Like a child waiting for his favorite bedtime story, the world never tires of a good legend.
The best are based in uncomplicated fiction rather than fact: fairy tales that concoct a world far more romantic than reality could ever produce. By far the most enduring of these legends is that of King Arthur and his Camelot, a fantastical utopia reinvented through the centuries in literature, music, painting and the popular imagination.
A tried and true version of the Arthurian legend comes to Shea's Performing Arts Center Tuesday in the classic musical "Camelot," starring Lou Diamond Phillips as King Arthur. The original production, written by the songwriting team Alan Jay Lerner and Frederic Loewe and starring Julie Andrews and Richard Burton, has been resurrected dozens of times since its debut in 1960. That includes two Broadway revivals and this national tour, which producers are hoping will result in a third.
Phillips, whose last role on Broadway was a successful stint starring in a 1996 revival of "The King and I," returns to the stage to follow in the auspicious footsteps of Burton, Richard Harris, Robert Goulet and Michael York, who stepped off the current tour in September.
For those who see a transition from the older and more genuinely English York to the younger Phillips as somewhat jarring, Phillips notes that Burton was only 33 when he took on the role on Broadway. And Phillips is no stranger to playing royalty, as his role as the King of Siam in "The King and I" brought him plenty of accolades.
"Arthur still needs to be a very vital, very sexual, very active young guy," Phillips said. "You couldn't really compare me and Michael York as actors to each other. It's a different performance altogether."
The show, traditionally criticized for being confused in its intent and too long, has received a judicious trimming from the late Lerner's son Michael, who has shuffled some songs around and, Phillips said, "cut away some of the flab."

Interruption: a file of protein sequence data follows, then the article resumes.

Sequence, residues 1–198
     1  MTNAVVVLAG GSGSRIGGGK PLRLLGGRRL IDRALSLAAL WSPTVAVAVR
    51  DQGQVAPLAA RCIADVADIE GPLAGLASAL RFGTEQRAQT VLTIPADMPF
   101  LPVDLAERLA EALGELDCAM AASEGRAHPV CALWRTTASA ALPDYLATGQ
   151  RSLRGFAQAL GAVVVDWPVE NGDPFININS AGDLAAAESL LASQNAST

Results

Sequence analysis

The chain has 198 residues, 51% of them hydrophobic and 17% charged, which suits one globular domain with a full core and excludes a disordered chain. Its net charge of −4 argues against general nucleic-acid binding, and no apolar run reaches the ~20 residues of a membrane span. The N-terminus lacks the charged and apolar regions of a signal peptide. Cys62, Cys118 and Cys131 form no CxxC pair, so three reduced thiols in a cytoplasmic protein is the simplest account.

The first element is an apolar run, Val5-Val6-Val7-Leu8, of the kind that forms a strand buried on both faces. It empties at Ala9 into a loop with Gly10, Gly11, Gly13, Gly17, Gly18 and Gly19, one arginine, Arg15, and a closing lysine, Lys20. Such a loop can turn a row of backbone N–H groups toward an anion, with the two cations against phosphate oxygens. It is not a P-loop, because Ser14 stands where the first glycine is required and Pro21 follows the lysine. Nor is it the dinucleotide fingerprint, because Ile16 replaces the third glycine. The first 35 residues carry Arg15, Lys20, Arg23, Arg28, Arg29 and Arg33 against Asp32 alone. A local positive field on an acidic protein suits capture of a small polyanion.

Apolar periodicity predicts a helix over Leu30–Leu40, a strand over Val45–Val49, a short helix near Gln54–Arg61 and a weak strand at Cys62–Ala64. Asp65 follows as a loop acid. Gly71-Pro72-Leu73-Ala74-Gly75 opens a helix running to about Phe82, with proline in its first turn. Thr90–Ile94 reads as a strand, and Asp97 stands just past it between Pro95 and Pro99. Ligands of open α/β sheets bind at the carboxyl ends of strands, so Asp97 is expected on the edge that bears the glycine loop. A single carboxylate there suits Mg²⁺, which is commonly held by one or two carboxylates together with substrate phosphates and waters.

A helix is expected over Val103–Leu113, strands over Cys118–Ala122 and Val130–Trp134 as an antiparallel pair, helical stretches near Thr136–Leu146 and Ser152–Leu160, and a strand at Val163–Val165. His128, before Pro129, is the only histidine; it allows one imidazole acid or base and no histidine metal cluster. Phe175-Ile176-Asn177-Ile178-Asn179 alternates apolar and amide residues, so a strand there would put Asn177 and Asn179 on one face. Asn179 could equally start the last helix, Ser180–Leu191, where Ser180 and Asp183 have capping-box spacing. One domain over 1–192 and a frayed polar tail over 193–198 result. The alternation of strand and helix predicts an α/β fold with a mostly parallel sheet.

Phillips spoke to The News from Los Angeles shortly after joining the tour.
>Between the close of "The King and I" [in 1996] and now, where was your artistic trajectory going in that period?
It's interesting because I think a lot of people think that an actor is in total control of his career, you know, and that we get to pick and choose what we do all the time. There's a handful of guys in Hollywood who have that kind of carte blanche and that kind of control over what they do. The rest of us, we're just looking for gigs and taking the best we can get.
I've been fortunate because there's been a lot of roles that I've enjoyed. I had a nice independent film called "El Cortez" that played the AFI Film Festival and opened the Harlem Film Festival in New York and some nice appearances on "Numb3rs" and "Psych" and ["Law & Order: SVU." I'm fortunate because I get asked to the dance, but you know, it's not like I'm turning down Tom Cruise's roles.
>When was the first time you saw "Camelot," and what's different about it this time around?
I remember seeing it as a kid. I think I saw the original film back in 1968 or whatever it was, you know, with Richard Harris. And I have fond memories, but I hadn't seen it in a long, long time. Michael Lerner, Alan Lerner's son, has come in and streamlined it a bit and I think even given it a cinematic feel. He cut away some of the flab, just based on his father's notes . . . I think he had a real insight into how to make it more effective emotionally and to really get the story across.
Arthur wants an end to bloodshed, he wants an end to war, he wants a better world for his people. And he ruminates on this a lot and he agonizes over it, because he feels that will make him the best king he can be. And when he can't achieve that, it's really heartbreaking for him. Not to mention the fact that his best friend and his wife are carrying on.
I just did an episode of [the USA comedy series] "Psych," earlier this year and in the episode following me was Tim Curry and so we got to overlap a little bit and I had just said yes to "Camelot," and I said, "Do you have any advice on how to play Arthur?" And he said, "Well, yours is a little different than mine, sir. Just have fun." And that's most definitely what I'm doing.
>Is Broadway as much of a madhouse as Hollywood?
You know, there's something really comforting about being in a play. You really become a family with the people you're working with, because you're doing it for such a long time. People on film sets get tight as well, but I've never seen a more supportive community than when I was on Broadway.
It really is this gypsy kind of circus performer mentality where everybody's in it together and you don't feel the hierarchy as much. Even the producers in theater are a little more down and dirty and gritty, and in Hollywood you've got the studios and the suits and the producers and your $20 million stars and your extras.
But at the same time I'm not a theater snob. I love making movies, I love making television. I love being employed.
A touring revival of the classic musical at Shea's Performing Arts Center, 646 Main St.Runs Tuesday to next Sunday.
Tickets are $24.50 to $57.50. For information call 852-5000 or visit www.sheas.org.